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7 Best Practices Every Retirement Plan Committee Member Should Follow

Posted by Michelle Buckley on Apr 26, 2017 11:03:11 AM

7 Best Practices Every Retirement Plan Committee Member Should Follow.jpgMany plan sponsors create oversight committees for their qualified retirement plans. These committees are frequently called “investment committees,” “administrative committees,” or, simply, “retirement plan committees.” The duties of these committees are significant, and will typically include:

  • Reviewing plan design options and effectiveness.
  • Selecting outside investment advisors, plan custodians, plan recordkeepers, or plan trustees.
  • Reviewing and approving plan expenses.
  • Reviewing investment selections and approving changes.

Plan committee members are typically fiduciaries – who need to act in a diligent, prudent manner and in the best interest of the participant. These are some of the most important best practices every plan committee member should consider following:

1. Have a written investment policy for the plan. Many times plan sponsors feel that a written policy isn’t required       when they offer a 401k plan since the participants make their own investment decisions. That’s not the case.           Committee members have a responsibility to provide investment options to participants, and those options need     to be evaluated against their policy.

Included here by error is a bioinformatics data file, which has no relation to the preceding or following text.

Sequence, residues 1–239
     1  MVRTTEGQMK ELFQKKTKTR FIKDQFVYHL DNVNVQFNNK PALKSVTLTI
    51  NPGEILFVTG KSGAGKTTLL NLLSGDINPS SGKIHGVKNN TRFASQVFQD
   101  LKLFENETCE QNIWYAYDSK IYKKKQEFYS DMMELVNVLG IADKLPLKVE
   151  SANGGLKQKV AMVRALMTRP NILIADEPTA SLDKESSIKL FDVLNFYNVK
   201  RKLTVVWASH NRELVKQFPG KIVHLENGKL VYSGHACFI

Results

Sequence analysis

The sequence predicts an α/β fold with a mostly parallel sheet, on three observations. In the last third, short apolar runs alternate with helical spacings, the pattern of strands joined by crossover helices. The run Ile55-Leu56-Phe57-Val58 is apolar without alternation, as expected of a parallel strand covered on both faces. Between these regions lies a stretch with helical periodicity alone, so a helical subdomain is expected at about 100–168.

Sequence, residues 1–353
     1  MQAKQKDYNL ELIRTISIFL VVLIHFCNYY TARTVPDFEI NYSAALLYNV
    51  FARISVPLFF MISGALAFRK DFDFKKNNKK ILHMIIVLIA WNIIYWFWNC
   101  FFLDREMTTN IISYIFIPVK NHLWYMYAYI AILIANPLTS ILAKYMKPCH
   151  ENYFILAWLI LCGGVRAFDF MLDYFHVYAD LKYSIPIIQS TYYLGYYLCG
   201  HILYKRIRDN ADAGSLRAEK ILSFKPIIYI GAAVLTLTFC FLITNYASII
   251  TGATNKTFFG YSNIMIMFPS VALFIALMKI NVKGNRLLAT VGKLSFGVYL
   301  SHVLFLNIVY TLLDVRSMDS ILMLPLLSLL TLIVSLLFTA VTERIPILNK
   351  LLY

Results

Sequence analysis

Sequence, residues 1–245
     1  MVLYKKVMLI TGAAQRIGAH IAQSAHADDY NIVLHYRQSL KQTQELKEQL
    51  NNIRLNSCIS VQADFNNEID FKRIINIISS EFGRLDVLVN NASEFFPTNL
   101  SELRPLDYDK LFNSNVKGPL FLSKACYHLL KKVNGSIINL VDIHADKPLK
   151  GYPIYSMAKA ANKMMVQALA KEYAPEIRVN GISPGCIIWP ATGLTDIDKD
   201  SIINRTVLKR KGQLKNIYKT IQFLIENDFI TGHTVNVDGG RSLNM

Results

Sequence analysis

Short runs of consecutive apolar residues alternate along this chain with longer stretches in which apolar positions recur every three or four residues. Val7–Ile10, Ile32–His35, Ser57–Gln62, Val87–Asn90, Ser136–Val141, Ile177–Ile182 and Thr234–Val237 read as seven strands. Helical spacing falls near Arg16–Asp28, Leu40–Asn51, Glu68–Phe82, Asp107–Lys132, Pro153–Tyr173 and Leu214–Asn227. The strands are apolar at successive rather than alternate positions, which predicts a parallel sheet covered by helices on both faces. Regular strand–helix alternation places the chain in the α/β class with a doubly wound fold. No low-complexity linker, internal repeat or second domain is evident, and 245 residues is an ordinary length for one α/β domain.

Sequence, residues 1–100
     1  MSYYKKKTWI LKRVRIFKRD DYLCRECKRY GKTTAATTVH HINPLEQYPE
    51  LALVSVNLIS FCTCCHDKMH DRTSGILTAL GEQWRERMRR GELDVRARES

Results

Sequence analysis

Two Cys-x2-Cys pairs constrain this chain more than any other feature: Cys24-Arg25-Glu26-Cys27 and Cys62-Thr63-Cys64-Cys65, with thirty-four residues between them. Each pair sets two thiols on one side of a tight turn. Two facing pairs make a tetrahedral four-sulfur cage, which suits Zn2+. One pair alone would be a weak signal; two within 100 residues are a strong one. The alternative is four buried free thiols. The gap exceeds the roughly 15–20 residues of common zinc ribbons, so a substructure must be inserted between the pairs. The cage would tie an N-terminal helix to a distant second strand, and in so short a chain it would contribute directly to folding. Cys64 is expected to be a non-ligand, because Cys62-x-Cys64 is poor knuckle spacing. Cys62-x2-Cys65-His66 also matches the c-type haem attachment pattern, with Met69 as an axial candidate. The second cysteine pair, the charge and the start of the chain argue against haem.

2. Create a written charter that clearly defines the roles of committee members versus those of outside                         consultants. 

3. Establish criteria for hiring outside consultants and evaluate those outside consultants on an annual basis. The       criteria should consider costs, consultant qualifications, services offered, and the quality of the services                     delivered.

4. Create criteria for the selection of members. Consider their investment knowledge, knowledge of ERISA, and           their role at the company. Also consider whether or not each member should be a voting member of the                   committee.

5. Consider terms for members. 

6. Maintain documentation of meetings. Retain minutes that support the decisions made on behalf of the                     committee as well as the processes that drove how those conclusions were reached.

7. At minimum, have an annual meeting during which the following is reviewed:

   a. Investment performance compared to the Investment policy for the plan.  

   b. The watch list for investments that aren’t performing in accordance with the policy guidelines.

   c. Fees of the plan and investments.

   d. The services and fees of outside providers.

   e. The education strategy for the next year.

If you have questions about any of these best practices, feel free to reach out to me at

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Topics: Benefit Plan Advising & Auditing

Michelle Buckley

Written by Michelle Buckley

Michelle Buckley is a Vice President in Meaden & Moore’s Assurance Services Group with 23 years of public accounting experience.